As a caregiver, it is extremely important to encourage independence in seniors and to provide the opportunity for them to maintain a better quality of life for themselves. By participating in activities with your senior loved one, you show that you care, and you help improve their overall health. In fact, research indicates that keeping seniors physically, mentally, socially and emotionally engaged can help them retain better cognitive function, stay healthier and live independently longer.
As the seniors in our lives grow older, daily interaction is vital to their health and happiness. However, when caring for them, it is easy to get into the habit of doing things "for" them rather than "with" them. Let's face it - it can be more efficient to do everything yourself. Seniors are seasoned pros at doing things for themselves, but due to aging bodies or underlying health issues, aspects of everyday living sometimes become a bit more physically and mentally challenging. Seniors may need your help, but doing everything for them is not a good solution, nor does it cultivate a better quality of life. Instead, we recommend a technique called interactive caregiving.
Interactive caregiving is a method of caring for seniors that promotes physical, mental, social and emotional well-being. When put into action, this philosophy focuses on the person as a whole, helps seniors live the highest possible quality of life by keeping them happy and engaged, and fosters healthy independent living within their own homes.
The true art of caregiving for the elderly extends beyond task-oriented responsibilities and includes engaging in activities that help maintain a healthy spirit and body. Talk to the senior in your life to help determine what his interests are, then form a plan to do those things together. When planning your activities, keep the elements of interactive caregiving in mind.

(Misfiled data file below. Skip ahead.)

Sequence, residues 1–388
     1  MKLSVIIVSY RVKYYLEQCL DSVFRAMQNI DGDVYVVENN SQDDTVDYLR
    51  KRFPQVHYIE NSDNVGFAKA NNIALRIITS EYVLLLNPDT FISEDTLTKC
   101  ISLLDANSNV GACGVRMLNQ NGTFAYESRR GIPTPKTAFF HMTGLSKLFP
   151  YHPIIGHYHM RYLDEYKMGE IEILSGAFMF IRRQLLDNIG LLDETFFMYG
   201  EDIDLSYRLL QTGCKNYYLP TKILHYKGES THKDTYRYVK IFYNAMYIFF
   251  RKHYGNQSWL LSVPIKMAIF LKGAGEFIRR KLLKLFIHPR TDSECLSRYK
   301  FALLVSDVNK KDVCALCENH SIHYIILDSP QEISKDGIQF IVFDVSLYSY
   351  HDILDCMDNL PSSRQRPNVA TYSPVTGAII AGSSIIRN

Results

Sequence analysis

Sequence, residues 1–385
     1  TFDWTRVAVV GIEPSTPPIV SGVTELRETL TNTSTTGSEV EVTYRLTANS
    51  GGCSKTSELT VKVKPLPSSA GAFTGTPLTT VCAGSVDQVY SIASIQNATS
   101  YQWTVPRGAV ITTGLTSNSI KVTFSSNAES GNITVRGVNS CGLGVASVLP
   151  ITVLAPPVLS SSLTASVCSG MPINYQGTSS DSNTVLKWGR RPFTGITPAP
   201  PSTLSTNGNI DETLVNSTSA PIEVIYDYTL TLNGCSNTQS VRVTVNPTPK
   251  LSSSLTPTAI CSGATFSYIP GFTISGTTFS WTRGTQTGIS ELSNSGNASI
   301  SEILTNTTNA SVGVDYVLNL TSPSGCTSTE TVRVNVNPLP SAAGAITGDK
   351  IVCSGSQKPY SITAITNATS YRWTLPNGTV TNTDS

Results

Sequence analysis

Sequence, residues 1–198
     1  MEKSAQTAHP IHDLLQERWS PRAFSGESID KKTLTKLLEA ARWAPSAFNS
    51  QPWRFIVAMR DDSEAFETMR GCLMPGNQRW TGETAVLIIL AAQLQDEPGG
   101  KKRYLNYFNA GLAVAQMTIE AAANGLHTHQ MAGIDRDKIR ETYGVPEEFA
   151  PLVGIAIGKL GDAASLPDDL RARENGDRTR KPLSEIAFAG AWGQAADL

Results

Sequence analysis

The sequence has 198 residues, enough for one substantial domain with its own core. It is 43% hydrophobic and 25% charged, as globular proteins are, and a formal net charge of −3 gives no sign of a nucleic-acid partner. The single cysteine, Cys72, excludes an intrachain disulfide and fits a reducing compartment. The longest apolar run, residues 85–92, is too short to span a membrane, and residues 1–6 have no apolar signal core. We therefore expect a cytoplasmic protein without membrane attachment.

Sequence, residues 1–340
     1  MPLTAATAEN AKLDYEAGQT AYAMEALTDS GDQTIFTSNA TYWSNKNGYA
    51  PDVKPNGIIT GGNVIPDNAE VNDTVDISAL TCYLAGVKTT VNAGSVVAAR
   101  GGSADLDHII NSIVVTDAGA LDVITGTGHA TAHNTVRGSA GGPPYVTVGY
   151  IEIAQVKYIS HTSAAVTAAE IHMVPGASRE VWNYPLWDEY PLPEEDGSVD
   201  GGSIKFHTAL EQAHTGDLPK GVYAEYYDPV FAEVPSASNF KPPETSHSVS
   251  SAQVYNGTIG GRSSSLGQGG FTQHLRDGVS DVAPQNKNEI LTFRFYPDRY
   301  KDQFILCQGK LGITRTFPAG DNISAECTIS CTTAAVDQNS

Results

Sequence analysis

Physical activity, which should always be approved by the senior's physician, helps reduce the severity of illness, increases strength and reduces the risk of falling. Dancing can reduce high blood pressure, strengthen bones and lower the risk of heart disease. Dancing with friends also provides a social outlet that stimulates the mind and can reduce the effects of dementia. Activities such as gardening and house keeping inspire positive self-esteem and improve quality of life.
Socializing with family and friends, as well as attending parties or other events, makes seniors feel less isolated and promotes good memory retention. The effects of being socially active are just as beneficial as physical activity in terms of self-esteem and higher quality of life, which is important to note for seniors who are unable to exercise.
Mental stimulation, such as crossword puzzles or other brain games, keeps minds active and facilitates healthy mental and emotional function. Mental well-being fosters a sharp mind and a positive outlook on life.
Emotional well-being depends on several factors, such as feeling connected to family and friends, being involved in the community or taking on a hobby. Emotional stability helps seniors feel happy and optimistic, which can keep depression at bay.
Encourage seniors to help with tasks they are able to perform, such as folding laundry and writing a grocery list. Play a game or work on a puzzle, read the paper over a morning cup of coffee or take a walk together after lunch. Shopping together provides another form of exercise and the chance to do something together. Planting flowers and other gardening activities are not only fun, they also provide a sense of accomplishment when you both step back to enjoy the fruits of your labor.
There are many more activities that can improve the quality of life for seniors. Use your imaginations and work together to plan fun things that will transform even the most mundane daily activities into special memories that last a lifetime.
Comfort Keepers, Inc.
335 N. Alma School Road, Suite B
Chandler, Arizona 85224